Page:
Expert gardening tips | Daily News

Expert gardening tips

There’s a whole lot to love about living with a garden. There’s the Zen-like therapy of weeding, the sublime contentment of looking back over a freshly mulched bed, the smug satisfaction of a well-pruned tree. And, of course, the best bonus of all — the bringing in of the day’s harvest for the night’s meal. And for the vegetable gardener, most of that starts with a seed.

The most common plants to grow from seed in the home garden are annual flowers, vegetables and a few herbs. Most are quick germinators, require relatively unsophisticated setup and are inexpensive to purchase. If you’re organized enough and have the interest, you can save even more money by saving your own seed for the next crop.

Be realistic

Don’t bite off more than you can chew — literally! A small packet of seed can make way too many seedlings. Better to take good care of a smaller number of seedlings than to grow five times as many poor quality plants.

Don’t hoard seeds

When in doubt, throw them out. Some seed can remain viable for many years. Most seed doesn’t. If you have a generous friend who offers you a large and dusty manila envelope full of seed packets with no date, might be best to pass. Fresh seed will germinate faster and more uniformly and the seedlings will have better vigor.

Don’t skip the artificial light tray

Your house is way darker than you can possibly imagine. Sure, most houses have a sunny, south-facing window, but even there light can quickly become a limiting growth factor. The low sun angle means the sun’s intensity is not what it is in June. Plus, the low angle means the front row of seedlings will cast a whole lot of shade on the back rows. The best way to get good and even growth from your seedlings is to use an artificial light tray.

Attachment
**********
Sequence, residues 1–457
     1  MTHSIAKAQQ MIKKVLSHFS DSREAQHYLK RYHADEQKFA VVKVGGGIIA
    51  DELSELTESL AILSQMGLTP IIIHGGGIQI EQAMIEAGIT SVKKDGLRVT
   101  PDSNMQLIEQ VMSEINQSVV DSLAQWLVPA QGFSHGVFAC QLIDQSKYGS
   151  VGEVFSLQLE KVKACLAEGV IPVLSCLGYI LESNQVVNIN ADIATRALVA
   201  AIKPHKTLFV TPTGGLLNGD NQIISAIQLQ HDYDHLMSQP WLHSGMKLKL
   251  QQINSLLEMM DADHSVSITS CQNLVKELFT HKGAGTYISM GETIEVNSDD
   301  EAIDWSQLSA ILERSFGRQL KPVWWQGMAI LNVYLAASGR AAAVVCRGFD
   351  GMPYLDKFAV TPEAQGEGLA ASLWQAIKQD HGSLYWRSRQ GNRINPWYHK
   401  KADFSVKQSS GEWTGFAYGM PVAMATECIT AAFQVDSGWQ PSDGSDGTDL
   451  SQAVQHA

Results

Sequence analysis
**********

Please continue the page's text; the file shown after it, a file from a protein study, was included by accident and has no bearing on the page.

Pick the correct grow lights

All light sources are not created equal. Incandescent lights don’t provide enough light energy to grow quality plants. Plus they use a great deal of energy per unit of light delivered. Compact fluorescents can produce nice plants but they are less efficient than modern LEDs. In addition, compact fluorescents contain mercury vapor that can be problematic when it comes to recycling or that occasional stumble into the plant cart after tripping over the kids’ Big Wheel stored in the basement. Modern LED bulbs are the most efficient in terms of energy usage, they produce a reasonable light spectrum for your plants and they don’t contain mercury gas. They are a bit more expensive to purchase but earn their keep in the long run.

sometimes, dark is best

Sometimes light isn’t the answer. Many flower and vegetable seeds can germinate in the light; sprinkled on the surface of a moist growing medium. But there are some out there that require dark. Tomatoes, peppers, melons and many in the cabbage family require dark conditions in order to germinate.

Keep it humid, but not too humid

A little humidity goes a long way. Whether through the use of those clear plastic domes or some occasional mist, seed germination is enhanced with high humidity. But as soon as the seeds show the first sign of pushing up through the mix, it’s time to cut back the moisture. While the humidity is good at promoting germination, it’s also great for promoting fungal growth. Once the seeds start to move, lose the domes and be sure to let the surface of the growing medium dry out between waterings.

But of course, the best advice is to stop the hand wringing and just get started. There’s nothing like a little trial and error to turn you from a beginner to an expert. The biggest difference between the beginner and the expert in the garden is that the expert has killed way more plants!

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